That vital, immaterial, active substance, or principle, in man, whereby he perceives, remembers, reasons, and wills. It is rather to be described as to its operations, than to be defined as to its essence. Various, indeed, have been the opinions of philosophers concerning its substance. The Epicureans thought it a subtile air, composed of atoms, or primitive corpuscles. The Stoics maintained it was a flame, or portion of heavenly light. The Cartesians make thinking the essence of the soul. Some hold that man is endowed with three kinds of soul, viz. the rational, which is purely spiritual, and infused by the immediate inspiration of God: the irrational or sensitive, which being common to man and brutes, is supposed to be formed of the elements: and, lastly, the vegetative soul, or principle of growth and nutrition, as the first is of understanding, and the second of animal life.
The rational soul is simple, uncompounded, and immaterial, not composed of matter and form; for matter can never think and move of itself as the soul does. In the fourth volume of the Memoirs of the Literacy and Philosophical Society of Manchester, the reader will find a very valuable paper, by Dr. Ferrier, proving by evidence apparently complete, that every part of the brain has been injured without affecting the act of thought. It will be difficult for any man to peruse this without being convinced that the modern theory of the Materialists is shaken from its very foundation.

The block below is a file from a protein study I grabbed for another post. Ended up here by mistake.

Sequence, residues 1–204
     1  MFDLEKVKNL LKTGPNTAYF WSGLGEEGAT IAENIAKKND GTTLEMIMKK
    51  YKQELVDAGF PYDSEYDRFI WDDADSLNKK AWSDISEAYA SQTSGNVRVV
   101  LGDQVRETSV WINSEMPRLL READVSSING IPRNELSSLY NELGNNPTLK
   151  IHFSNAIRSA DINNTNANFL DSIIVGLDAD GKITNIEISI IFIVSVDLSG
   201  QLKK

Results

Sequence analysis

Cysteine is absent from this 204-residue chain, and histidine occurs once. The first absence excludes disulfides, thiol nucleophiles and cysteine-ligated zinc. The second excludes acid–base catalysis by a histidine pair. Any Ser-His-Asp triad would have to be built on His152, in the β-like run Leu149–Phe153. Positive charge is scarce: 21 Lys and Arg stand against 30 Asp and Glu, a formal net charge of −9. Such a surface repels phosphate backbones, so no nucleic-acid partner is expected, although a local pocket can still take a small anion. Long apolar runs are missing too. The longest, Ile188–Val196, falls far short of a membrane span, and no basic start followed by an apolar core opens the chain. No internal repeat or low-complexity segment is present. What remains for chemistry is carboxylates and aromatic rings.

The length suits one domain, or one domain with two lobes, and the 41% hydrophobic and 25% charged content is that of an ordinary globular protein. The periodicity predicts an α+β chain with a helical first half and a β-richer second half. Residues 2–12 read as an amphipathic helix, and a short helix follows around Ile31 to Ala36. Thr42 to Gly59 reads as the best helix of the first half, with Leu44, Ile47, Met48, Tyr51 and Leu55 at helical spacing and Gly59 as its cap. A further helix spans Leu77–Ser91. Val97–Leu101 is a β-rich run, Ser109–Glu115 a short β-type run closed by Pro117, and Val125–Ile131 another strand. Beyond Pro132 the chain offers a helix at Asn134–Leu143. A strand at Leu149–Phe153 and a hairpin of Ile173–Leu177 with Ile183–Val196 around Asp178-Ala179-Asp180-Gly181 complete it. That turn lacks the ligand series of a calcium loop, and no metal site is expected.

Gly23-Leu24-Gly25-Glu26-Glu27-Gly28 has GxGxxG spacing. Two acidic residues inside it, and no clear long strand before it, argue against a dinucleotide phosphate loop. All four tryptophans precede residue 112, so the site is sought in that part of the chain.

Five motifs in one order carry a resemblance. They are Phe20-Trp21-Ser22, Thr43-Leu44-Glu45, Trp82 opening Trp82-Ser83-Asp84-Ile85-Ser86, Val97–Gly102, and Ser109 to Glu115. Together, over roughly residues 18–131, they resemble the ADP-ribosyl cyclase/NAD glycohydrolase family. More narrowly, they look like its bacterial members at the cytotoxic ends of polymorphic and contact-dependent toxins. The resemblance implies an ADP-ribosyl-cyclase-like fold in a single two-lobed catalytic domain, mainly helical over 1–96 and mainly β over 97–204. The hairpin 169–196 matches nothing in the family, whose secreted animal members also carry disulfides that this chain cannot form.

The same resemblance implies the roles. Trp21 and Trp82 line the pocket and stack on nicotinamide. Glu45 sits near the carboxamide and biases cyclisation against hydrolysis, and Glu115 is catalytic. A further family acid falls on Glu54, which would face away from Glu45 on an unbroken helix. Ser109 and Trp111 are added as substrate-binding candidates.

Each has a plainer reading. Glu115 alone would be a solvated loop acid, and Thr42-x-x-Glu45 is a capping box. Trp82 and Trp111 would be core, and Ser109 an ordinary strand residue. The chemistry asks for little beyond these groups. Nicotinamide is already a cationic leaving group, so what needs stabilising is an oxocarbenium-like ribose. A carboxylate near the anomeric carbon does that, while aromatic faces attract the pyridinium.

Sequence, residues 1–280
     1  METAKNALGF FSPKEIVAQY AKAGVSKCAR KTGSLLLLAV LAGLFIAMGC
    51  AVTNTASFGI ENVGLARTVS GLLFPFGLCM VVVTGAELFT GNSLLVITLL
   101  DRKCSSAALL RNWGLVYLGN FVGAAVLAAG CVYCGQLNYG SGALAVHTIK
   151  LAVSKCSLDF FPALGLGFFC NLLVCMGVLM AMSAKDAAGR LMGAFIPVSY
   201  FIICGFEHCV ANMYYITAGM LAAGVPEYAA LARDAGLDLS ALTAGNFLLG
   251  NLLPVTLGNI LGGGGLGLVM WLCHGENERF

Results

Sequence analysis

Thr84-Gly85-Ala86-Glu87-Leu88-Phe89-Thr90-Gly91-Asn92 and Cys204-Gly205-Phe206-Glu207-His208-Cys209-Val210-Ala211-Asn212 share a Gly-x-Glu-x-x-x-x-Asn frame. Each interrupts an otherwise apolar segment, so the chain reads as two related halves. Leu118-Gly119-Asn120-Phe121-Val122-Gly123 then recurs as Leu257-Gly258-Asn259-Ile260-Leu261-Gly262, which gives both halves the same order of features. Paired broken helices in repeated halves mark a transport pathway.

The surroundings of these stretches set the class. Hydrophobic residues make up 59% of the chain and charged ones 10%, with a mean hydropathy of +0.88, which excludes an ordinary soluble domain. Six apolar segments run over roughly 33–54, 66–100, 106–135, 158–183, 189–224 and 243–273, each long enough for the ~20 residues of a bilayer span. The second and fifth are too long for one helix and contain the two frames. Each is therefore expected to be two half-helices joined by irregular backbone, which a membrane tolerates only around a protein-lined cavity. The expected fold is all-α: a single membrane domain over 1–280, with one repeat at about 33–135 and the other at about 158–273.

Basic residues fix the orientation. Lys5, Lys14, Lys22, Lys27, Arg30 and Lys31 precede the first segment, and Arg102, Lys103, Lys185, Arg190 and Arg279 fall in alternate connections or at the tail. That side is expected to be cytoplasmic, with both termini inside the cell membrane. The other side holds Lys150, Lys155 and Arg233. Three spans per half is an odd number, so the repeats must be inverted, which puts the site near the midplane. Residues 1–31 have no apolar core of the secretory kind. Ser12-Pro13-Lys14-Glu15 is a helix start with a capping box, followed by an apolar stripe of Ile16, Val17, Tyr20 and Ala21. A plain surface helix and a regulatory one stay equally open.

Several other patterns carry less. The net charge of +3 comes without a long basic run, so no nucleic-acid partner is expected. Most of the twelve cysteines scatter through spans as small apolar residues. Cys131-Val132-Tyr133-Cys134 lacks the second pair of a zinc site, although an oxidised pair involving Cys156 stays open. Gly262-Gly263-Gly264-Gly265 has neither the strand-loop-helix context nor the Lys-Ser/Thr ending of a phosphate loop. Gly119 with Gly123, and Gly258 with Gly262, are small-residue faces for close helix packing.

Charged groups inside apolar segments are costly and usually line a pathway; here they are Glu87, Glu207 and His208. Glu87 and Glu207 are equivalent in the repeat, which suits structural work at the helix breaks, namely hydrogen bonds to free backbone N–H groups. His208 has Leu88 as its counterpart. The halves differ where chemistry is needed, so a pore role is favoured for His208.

The immortality of the soul may be argued from its vast capacities, boundless desires, great improvements, dissatisfaction with the present state, and desire of some kind of religion. It is also argued from the consent of all nations; the consciousness that men have of sinning; the sting of conscience; the justice and providence of God. How far these arguments are conclusive I will not say; but the safest, and, in fact, the only sure ground to go upon to prove this doctrine is the word of God, where we at once see it clearly established, Matt. 10:28. Matt. 25:46. Dan. 12:2. 2 Tim. 1:10. 1 Thess. 4:17, 18. John 10:28.
Charles Buck (1771-1815) was an English Independent minister, best known for the publication of his “Theological Dictionary”. According to the “Dictionary of National Biography”, a Particular Baptist minister named John C. Ryland (1723-1792) assisted Buck by writing many of the articles for the aforementioned publication. One may conclude, based not only Buck’s admiration for his friend Ryland, but also on the entries in his Theological Dictionary, that he stood head and shoulders with the High-Calvinists of his day.